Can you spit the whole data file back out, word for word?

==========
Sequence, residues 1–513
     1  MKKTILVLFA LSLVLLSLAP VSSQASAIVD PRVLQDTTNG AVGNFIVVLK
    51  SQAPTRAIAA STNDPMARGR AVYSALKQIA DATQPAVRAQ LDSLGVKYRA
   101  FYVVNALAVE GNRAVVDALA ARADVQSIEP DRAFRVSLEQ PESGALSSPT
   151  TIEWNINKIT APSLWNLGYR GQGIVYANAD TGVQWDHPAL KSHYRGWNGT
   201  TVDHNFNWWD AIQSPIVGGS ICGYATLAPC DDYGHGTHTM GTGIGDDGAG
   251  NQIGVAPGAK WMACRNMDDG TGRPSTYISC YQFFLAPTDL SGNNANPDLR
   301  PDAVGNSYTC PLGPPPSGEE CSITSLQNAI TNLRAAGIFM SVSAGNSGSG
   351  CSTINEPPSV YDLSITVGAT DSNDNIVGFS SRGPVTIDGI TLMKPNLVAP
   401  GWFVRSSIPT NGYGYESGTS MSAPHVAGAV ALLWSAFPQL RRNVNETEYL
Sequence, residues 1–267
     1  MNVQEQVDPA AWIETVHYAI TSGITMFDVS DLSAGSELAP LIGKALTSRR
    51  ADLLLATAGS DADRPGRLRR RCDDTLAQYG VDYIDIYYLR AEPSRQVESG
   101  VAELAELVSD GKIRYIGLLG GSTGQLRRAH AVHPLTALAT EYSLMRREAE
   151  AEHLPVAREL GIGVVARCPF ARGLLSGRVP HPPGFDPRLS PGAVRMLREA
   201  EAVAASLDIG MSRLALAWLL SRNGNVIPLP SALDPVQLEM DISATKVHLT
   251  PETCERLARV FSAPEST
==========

Sequence, residues 1–513
     1  MKKTILVLFA LSLVLLSLAP VSSQASAIVD PRVLQDTTNG AVGNFIVVLK
    51  SQAPTRAIAA STNDPMARGR AVYSALKQIA DATQPAVRAQ LDSLGVKYRA
   101  FYVVNALAVE GNRAVVDALA ARADVQSIEP DRAFRVSLEQ PESGALSSPT
   151  TIEWNINKIT APSLWNLGYR GQGIVYANAD TGVQWDHPAL KSHYRGWNGT
   201  TVDHNFNWWD AIQSPIVGGS ICGYATLAPC DDYGHGTHTM GTGIGDDGAG
   251  NQIGVAPGAK WMACRNMDDG TGRPSTYISC YQFFLAPTDL SGNNANPDLR
   301  PDAVGNSYTC PLGPPPSGEE CSITSLQNAI TNLRAAGIFM SVSAGNSGSG
   351  CSTINEPPSV YDLSITVGAT DSNDNIVGFS SRGPVTIDGI TLMKPNLVAP
   401  GWFVRSSIPT NGYGYESGTS MSAPHVAGAV ALLWSAFPQL RRNVNETEYL
Sequence, residues 1–267
     1  MNVQEQVDPA AWIETVHYAI TSGITMFDVS DLSAGSELAP LIGKALTSRR
    51  ADLLLATAGS DADRPGRLRR RCDDTLAQYG VDYIDIYYLR AEPSRQVESG
   101  VAELAELVSD GKIRYIGLLG GSTGQLRRAH AVHPLTALAT EYSLMRREAE
   151  AEHLPVAREL GIGVVARCPF ARGLLSGRVP HPPGFDPRLS PGAVRMLREA
   201  EAVAASLDIG MSRLALAWLL SRNGNVIPLP SALDPVQLEM DISATKVHLT
   251  PETCERLARV FSAPEST